Do an internet search for resveratrol supplements and you’ll be bombarded with ads touting claims of improved heart health, immune functioning, longevity, and weight loss. It sounds like resveratrol does it all. But do resveratrol supplements actually deliver on these promises and especially for heart health?
The polyphenol resveratrol is naturally found in red wine, a mainstay of the Mediterranean heart-healthy way of eating. Believed to act as an antioxidant, resveratrol is red wine’s secret ingredient for improving heart health. It’s believed to promote heart health by protecting blood vessel linings, lowering levels of LDL or “bad” cholesterol, reducing inflammation, and preventing blood clots. The reason why red wine and heart health are synonymous is because of the “French Paradox.” It’s been noted that people living in France who drank red wine, had low rates of heart disease, even though they ate a lot of cheese, butter, and other fatty foods detrimental to heart health. The explanation for the paradox was red wine’s secret ingredients with one of them being resveratrol.
Red wine, however, is not the only food substance resveratrol can be found in. Other foods rich in resveratrol include red or dark purple (Concord) grapes, raspberries, blueberries, cranberries, plums, grape tomatoes, pomegranates, and even peanuts.
Possible benefits of resveratrol supplements
Like many polyphenols or substances found in food protecting the body from damage putting you at higher risk of chronic diseases, supplement manufacturers have tried to capitalize on resveratrol’s power.
Supplements of resveratrol generally contain combinations of extracts from grape seeds, red wine, berries and Japanese knotweed which are usually listed first on the ingredient label. A possible problem of a resveratrol supplement using Japanese knotweed extract is that it contains a compound called emodin that may result in diarrhea.
What exactly are the benefits that might be gained from taking a resveratrol supplement? Here is a list of possible improvements to health from this supplement:
- Reduced blood clotting
- Better protection of the heart and blood vessels
- Reduction of blood glucose levels and cholesterol
- Reduction in pain and inflammation
- Helps support memory and cognitive functioning possibly preventing Alzheimer’s disease and dementia
Possible safety risks of resveratrol supplements
Whenever taking a nutritional supplement, while many are often called “natural,” this claim does not mean they are free from any adverse reactions. Over-the-counter supplements, including herbal products, always carry a potential safety risk. The same is true for using a resveratrol supplement.
Individuals who should discuss with their doctor first before taking this supplement include:
- Anyone on a blood thinner such as aspirin or warfarin since resveratrol can lead to bleeding problems. They may also interact with NSAID medications like ibuprofen.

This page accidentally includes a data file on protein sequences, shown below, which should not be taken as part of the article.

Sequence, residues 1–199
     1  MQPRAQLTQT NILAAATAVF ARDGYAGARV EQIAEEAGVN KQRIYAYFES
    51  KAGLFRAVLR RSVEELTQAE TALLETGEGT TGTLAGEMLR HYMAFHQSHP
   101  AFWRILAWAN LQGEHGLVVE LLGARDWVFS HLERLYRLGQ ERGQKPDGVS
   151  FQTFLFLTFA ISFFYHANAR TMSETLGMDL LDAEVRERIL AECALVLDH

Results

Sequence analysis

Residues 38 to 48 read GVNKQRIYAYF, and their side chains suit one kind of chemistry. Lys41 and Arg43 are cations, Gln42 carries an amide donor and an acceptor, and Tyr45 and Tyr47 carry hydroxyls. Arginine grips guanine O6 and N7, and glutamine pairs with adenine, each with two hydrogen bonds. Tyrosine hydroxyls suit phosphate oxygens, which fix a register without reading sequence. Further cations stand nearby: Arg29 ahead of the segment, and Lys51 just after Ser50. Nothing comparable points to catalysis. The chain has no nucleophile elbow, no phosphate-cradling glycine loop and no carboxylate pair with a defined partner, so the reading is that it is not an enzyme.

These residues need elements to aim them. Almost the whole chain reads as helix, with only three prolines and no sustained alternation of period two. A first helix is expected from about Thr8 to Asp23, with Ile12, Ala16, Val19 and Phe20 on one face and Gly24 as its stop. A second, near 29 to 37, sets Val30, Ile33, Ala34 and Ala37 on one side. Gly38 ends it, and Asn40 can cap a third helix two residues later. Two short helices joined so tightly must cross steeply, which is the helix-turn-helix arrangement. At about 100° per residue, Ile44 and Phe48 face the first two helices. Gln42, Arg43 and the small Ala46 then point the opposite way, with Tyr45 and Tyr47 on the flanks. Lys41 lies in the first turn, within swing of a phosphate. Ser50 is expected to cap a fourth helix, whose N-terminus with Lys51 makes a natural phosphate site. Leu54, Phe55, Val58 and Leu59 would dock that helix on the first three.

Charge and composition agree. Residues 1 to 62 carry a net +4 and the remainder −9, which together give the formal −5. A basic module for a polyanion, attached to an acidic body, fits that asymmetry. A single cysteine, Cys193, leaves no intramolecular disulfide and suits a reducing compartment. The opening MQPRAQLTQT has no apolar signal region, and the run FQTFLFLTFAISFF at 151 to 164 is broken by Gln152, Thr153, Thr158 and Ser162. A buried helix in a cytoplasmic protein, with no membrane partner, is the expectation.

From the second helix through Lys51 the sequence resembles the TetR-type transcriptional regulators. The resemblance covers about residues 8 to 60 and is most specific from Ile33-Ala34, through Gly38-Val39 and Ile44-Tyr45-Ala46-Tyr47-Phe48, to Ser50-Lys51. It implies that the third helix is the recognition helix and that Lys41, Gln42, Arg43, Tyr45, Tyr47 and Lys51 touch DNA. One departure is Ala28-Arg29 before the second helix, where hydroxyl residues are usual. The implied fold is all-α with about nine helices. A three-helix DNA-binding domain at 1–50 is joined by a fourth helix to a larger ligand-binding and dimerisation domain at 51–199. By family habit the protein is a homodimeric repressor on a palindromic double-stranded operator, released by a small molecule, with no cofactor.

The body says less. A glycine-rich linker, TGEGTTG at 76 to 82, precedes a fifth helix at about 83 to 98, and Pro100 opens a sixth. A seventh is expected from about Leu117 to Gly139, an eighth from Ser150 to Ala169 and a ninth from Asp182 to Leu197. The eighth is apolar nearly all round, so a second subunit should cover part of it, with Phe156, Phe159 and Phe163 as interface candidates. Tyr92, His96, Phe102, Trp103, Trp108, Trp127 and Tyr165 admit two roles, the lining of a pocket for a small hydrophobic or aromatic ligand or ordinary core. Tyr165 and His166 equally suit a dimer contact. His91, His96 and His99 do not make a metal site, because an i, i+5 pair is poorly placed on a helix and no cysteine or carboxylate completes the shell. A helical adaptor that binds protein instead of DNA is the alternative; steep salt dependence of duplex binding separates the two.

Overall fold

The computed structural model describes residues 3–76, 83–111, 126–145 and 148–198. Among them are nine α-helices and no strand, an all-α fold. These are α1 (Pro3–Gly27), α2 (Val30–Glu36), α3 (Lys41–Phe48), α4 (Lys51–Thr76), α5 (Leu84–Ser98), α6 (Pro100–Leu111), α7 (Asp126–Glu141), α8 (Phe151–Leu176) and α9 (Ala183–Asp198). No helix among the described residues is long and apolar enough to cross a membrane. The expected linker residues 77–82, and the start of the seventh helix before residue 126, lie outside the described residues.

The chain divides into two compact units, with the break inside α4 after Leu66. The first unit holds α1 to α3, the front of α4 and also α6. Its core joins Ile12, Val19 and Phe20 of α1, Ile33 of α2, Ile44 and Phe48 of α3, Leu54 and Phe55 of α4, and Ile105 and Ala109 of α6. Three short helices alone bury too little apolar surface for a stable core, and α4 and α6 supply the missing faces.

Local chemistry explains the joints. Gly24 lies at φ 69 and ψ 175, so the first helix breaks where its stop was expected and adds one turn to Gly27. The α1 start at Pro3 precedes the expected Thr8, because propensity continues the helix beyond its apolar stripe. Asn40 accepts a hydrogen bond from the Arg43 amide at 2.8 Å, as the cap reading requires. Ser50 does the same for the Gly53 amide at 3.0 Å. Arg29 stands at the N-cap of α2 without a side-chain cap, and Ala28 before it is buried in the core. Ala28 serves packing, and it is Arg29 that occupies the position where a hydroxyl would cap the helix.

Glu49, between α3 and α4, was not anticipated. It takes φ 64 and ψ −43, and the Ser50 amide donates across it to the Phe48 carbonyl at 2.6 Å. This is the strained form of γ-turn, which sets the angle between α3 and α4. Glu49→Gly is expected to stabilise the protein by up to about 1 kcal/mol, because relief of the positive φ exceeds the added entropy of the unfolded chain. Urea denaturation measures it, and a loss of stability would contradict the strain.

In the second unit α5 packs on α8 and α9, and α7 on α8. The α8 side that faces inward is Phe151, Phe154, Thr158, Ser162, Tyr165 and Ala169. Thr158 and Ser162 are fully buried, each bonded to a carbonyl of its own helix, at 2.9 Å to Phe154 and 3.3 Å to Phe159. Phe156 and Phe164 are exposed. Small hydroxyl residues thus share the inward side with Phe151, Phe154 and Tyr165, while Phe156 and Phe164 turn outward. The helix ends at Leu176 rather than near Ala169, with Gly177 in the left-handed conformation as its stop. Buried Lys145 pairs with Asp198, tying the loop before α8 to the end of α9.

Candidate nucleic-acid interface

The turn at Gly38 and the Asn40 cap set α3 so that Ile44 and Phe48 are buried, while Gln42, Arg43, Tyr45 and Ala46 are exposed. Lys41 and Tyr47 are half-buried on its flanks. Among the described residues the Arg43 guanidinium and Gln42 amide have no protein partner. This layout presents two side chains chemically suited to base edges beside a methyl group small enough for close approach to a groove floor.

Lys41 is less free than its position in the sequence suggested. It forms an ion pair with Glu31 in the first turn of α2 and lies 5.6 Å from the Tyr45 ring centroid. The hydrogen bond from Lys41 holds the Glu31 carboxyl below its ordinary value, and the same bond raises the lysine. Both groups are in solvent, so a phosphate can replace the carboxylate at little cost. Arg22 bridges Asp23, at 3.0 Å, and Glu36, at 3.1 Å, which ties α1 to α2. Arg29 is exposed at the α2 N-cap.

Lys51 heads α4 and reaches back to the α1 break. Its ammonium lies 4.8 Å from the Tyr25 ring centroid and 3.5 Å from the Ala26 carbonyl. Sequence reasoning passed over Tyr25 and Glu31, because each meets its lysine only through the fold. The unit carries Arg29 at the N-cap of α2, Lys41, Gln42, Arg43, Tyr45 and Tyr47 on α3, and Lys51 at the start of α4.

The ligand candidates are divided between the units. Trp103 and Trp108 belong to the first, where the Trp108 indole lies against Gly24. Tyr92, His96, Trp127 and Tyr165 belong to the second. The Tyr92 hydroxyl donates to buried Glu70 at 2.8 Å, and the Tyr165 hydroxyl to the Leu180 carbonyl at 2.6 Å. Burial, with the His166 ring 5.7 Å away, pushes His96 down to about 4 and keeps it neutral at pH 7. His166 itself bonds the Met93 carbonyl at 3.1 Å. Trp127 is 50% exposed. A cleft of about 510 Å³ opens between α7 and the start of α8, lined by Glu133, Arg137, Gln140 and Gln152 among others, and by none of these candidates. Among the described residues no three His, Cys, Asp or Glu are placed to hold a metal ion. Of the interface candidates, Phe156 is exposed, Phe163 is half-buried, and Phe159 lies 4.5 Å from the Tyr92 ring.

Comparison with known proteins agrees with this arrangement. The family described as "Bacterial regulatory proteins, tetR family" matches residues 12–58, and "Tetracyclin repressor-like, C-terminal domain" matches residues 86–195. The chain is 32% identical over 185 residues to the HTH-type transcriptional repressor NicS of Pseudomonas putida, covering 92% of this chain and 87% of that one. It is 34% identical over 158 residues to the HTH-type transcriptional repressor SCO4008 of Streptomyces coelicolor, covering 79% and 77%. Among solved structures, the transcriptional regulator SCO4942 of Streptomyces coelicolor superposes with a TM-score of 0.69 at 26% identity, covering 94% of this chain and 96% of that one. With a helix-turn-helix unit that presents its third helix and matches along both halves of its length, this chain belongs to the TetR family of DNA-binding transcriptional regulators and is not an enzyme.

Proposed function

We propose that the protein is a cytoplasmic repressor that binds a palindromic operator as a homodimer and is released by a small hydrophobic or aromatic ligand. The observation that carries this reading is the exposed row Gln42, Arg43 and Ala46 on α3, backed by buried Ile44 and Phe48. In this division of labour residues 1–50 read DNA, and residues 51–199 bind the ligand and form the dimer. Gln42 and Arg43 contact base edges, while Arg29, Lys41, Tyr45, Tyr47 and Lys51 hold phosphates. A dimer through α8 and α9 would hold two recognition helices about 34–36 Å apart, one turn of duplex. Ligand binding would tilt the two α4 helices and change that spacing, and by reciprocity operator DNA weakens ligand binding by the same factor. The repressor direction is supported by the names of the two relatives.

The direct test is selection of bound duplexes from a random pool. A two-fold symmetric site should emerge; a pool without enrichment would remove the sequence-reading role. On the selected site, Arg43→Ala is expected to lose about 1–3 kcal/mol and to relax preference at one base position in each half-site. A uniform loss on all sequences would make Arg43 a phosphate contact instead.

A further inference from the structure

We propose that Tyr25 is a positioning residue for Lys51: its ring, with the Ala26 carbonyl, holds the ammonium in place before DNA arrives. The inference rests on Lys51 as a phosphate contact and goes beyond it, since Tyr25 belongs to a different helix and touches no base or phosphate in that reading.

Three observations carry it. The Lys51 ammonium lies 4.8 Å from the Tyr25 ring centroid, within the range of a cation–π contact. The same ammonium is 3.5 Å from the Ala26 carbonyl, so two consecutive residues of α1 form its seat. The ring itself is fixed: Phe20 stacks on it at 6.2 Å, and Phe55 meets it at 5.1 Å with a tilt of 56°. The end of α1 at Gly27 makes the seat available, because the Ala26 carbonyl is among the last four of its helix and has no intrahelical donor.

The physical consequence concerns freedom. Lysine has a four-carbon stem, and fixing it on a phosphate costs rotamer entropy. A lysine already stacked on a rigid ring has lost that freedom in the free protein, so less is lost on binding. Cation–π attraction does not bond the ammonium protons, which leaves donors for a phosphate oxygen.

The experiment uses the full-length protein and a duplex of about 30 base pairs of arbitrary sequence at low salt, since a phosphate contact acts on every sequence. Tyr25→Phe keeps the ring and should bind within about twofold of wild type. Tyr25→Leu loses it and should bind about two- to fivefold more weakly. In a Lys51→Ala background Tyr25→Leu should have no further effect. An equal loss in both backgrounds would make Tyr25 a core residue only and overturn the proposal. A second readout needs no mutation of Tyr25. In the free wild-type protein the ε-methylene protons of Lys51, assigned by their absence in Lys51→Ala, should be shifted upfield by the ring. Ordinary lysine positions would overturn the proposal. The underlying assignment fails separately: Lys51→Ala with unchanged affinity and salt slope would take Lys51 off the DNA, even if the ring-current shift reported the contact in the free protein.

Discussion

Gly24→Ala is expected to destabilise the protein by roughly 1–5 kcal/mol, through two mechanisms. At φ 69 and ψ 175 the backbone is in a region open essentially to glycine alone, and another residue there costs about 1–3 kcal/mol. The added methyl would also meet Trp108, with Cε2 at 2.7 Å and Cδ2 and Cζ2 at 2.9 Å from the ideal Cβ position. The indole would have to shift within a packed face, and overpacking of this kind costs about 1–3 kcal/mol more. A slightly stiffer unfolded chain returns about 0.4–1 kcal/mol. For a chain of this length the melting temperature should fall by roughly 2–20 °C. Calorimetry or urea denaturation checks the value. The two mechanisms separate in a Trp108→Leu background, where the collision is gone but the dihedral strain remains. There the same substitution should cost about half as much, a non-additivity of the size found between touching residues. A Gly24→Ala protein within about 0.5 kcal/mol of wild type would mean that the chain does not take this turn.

- Anyone taking carbamazepine (Tegretol) since animal studies have shown a potential for high blood levels of this medication when used with resveratrol
- Patients who have or are at risk of developing hormone-sensitive cancer since resveratrol is a phytoestrogen with estrogen-like effects. This could stimulate certain types of cancer such as breast, ovarian, and uterine cancers.
It’s important to note that like other dietary supplements, the Food and Drug Administration (FDA) regulates supplements as food and not as drugs. This means that supplement manufacturers do not have to prove that the product is safe, pure, or what efficacy it has in what it claims to cure. Drugmakers have to oblige by those rules but supplement companies do not. This situation makes it difficult for consumers to know exactly if the supplement is effective.
As a consumer, it helps to know what to look for in a reputable manufacturer. Start by looking for certification stamps on the label. These stamps include USP, CL, and NSF which are considered reliable. These insignia also tell you as a consumer that the supplement manufacturer has voluntarily had their products tested for purity but are not considered an endorsement of safety or efficacy.
Which are best: Food sources or supplements of resveratrol?
When it comes to nutrients such as vitamins, minerals, antioxidants, or polyphenols like resveratrol, the top, and best choice is food sources in your diet. Your body will absorb nutrients best from food and work more synergistically along with other nutrients within the food.
It’s also recommended to speak to your doctor first before taking any supplement like resveratrol. Discuss the potential side effects weighing the risk versus the benefits based on your medical history or medications you take.
Once you’ve done your research, from there, you can make the right decision for yourself and your heart health.